Sides

Green Bean Omelette

A mainstay of many a family meal, green bean omelette has been a feature of most Malaysian’s childhood for decades.

Personally, there are few recipes that remind me more of my late Amah than this simple and humble omelette. My grandmother was a great home-cook, and along with her famed daging kicap manis (Beef with Sweet Soy Sauce), this was perhaps my favourite addition to her nightly dinner-spreads.

Like many extended families in Malaysia back in the 80’s, the Ghanis were a large and ravenous bunch, with at least ten hungry bellies to fill at any one time! Nevertheless, Amah was an undeterred and prolific cook, and in spite of our numbers, family dinners were invariably generous affairs. With so many mouths to feed, it was only natural that she was always keen to supplement her main offerings with easy and nourishing dishes…which explains why this classic omelette featured so regularly. Cheap and nutritious; this easy dish is ready in minutes and is the perfect dish to “bulk out” an otherwise meager supper.

Made with just 3 basic ingredients (and some seasoning), this simply flavoured omelette works well with almost all other Malay dishes. Unlike other Asian omelettes such as Egg Foo Young, this dish is dense and almost “chewy”, making it a great foil for lemak rich dishes such as beef rendang and kari kapitan.

Traditionally made with yard beans, and being considerably harder than the variety many of us are accustomed to, it is best to use regular green beans as a substitute. Fine green beans would not be recommended as they lack the robustness of an older bean, and won’t give the omelette the weight and bite associated with the dish.

To discover other delicious Malaysian recipes from The Muddled Pantry, please click here

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Sayur Lodeh (Vegetables in Coconut Milk)

Ah, the classic conundrum of Malaysian vegetable dishes. 

A perennial quirk of the cuisine, the vegetable dishes of Malaysia are rarely actually vegetarian, with the omnipresent threat of the odd bit of dried shrimp turning up in your plate of veggies. To many Malaysians, a dish’s vegetarian credentials are entirely a matter of meat to vegetable ratio – making dinner a meaty-minefield for those of a vegetarian persuasion!

Unfortunately, Sayur Lodeh (Vegetables in Coconut Milk) is no different.

Popular in both Malaysia and Indonesia, Sayur Lodeh is often  considered a “safe” vegetable option as it is mild enough not to inflame younger, or foreign, palates. Simply flavoured with galangal, turmeric, and (unsurprisingly) a sprinkling of prawns, this coconut milk sauce works well with almost any other Malay dish. 

Traditionally eaten with lontong (banana leaf rice cake), sayur lodeh also works well with regular rice. As it is very mild, it is best to pair it with something spicy like Ayam Lada Hitam (Pepper Chicken) and, of course, some sambal belacan

To discover other delicious Malaysian recipes from The Muddled Pantry, please click here

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Sichuan Stir-Fry Cabbage 炝炒圆白菜

This may seem like a strange thing to admit, but I’m in love with cabbage.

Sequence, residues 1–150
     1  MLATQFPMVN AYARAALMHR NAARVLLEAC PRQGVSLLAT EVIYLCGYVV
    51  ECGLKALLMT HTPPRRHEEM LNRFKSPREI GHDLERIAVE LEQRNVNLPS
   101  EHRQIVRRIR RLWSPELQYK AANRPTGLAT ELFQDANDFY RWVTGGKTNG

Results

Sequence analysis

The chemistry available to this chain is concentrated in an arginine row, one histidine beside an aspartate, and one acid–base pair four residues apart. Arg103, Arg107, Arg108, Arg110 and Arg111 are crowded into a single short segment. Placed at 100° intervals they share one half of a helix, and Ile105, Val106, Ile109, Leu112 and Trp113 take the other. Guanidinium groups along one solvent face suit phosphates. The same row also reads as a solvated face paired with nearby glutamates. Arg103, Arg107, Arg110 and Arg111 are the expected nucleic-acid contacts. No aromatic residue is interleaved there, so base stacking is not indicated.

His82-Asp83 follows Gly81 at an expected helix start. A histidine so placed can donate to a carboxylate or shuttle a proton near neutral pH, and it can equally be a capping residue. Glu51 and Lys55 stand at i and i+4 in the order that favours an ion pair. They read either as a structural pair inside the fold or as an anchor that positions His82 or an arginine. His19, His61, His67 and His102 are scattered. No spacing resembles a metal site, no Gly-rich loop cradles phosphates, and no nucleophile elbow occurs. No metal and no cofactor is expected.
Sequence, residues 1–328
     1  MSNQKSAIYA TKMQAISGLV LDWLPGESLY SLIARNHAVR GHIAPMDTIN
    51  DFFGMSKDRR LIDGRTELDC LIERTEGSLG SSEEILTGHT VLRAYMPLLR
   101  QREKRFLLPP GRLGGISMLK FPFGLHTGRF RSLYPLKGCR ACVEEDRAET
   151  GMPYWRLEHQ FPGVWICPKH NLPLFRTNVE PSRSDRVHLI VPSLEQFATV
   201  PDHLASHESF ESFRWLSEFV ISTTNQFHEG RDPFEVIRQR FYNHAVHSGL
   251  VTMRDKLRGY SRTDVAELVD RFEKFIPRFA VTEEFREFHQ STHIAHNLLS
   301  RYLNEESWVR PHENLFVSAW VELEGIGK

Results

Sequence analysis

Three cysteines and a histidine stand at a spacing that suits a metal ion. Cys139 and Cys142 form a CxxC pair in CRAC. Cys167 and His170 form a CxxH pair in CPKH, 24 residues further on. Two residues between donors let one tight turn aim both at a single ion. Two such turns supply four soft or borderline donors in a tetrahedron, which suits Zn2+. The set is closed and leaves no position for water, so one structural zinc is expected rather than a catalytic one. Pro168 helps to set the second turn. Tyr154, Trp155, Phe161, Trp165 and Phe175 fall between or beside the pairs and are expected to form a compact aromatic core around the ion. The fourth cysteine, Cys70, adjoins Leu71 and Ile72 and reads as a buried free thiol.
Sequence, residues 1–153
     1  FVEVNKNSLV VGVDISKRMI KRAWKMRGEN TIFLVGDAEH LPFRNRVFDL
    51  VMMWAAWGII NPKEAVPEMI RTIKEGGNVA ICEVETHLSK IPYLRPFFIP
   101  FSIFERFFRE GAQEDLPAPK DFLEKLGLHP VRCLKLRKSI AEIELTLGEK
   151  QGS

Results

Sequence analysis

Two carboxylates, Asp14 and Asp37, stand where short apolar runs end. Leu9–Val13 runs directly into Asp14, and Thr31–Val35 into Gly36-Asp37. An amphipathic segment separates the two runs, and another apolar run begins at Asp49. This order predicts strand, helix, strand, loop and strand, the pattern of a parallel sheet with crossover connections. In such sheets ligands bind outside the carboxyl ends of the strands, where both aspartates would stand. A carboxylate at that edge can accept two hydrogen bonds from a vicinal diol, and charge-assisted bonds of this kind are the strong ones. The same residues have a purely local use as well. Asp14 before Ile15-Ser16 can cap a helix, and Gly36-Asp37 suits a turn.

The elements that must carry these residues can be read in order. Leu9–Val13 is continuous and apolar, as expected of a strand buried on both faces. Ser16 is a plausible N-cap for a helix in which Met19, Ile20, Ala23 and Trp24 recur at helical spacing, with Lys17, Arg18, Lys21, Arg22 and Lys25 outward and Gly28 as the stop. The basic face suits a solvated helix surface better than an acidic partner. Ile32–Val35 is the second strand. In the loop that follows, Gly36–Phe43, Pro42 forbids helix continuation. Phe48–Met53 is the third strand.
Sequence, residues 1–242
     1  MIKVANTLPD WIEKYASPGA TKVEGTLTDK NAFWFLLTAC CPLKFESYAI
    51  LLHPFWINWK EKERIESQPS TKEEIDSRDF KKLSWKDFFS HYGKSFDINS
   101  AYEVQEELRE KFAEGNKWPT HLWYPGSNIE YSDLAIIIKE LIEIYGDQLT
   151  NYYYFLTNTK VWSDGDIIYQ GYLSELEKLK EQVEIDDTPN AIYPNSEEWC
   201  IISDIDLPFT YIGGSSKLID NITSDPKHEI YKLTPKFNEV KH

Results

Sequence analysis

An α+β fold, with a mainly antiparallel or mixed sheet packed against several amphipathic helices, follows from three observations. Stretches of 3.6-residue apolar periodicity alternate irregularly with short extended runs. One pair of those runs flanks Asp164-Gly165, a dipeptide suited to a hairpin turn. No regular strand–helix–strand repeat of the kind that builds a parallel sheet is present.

Yes, it’s true; I’m in a lock-down love affair with arguably the most mundane vegetable out there. Perhaps it’s the prolonged period of isolation talking, but aside from some flatulence, what’s not to love about the humble cabbage?

Cheap and readily available, this cruciferous charmer is a true veggie-hero; albeit one that is too often maligned, and sadly, unsung. Aside from its incredible shelf life, green cabbage is also one of the most versatile vegetables out there. Whether it be fermented into sauerkraut, or sautéed then added to a buttery colcannon, cabbage is the star of countless recipes from across the globe, and is ripe for a comeback!

Typically most of us don’t associate a bog-standard “western” cabbage with Asian cooking; instead, we tend to think of exotics such as bok choy and napa cabbage as the staples of such cuisines. Nothing could be further from the truth! From being a key component in Sayur Lodeh (Malaysian Vegetable in Coconut Milk), and a traditional accompaniment to Phad Thai Noodles, green cabbage is a surprisingly common ingredient in many Asian dishes. In fact, if you have a wedge of cabbage lurking at the back of the fridge, you are actually halfway to making some amazing, and authentic, Asian meals.

Which brings me to this little gem of a dish! 

From wok to plate in just a few minutes, Sichuan Stir-Fry Cabbage is a true “lifesaver” recipe for when you are in a pinch and need to make a small amount of food go far – without compromising on flavour. Satisfyingly spicy and reassuringly comforting, this simple meal has all the hallmarks of a classic home-cooked Chinese dish.

This is a thoroughly adaptable recipe, please feel free to add a protein of your choice if desired. Thinly sliced pork works amazingly well and would be my preferred addition, but chicken is also a good option. Again, a little goes a long way and a small portion of meat can be stretched to feed many. Prefer a vegetarian or vegan version? Not a problem, simply leave out the meat altogether. With or without meat, this tasty and affordable recipe is cheap and nutritious, and delivers a lot of Sichuanbang for your buck, as it it were. 

Now that’s a dish worth gassing about. 

For more Chinese recipes from the Muddled Pantry, please follow the link here.

For tips on stocking a Chinese pantry, please follow the link here. Click here for the recipe

Nasi Lemak (Malaysian Coconut Rice)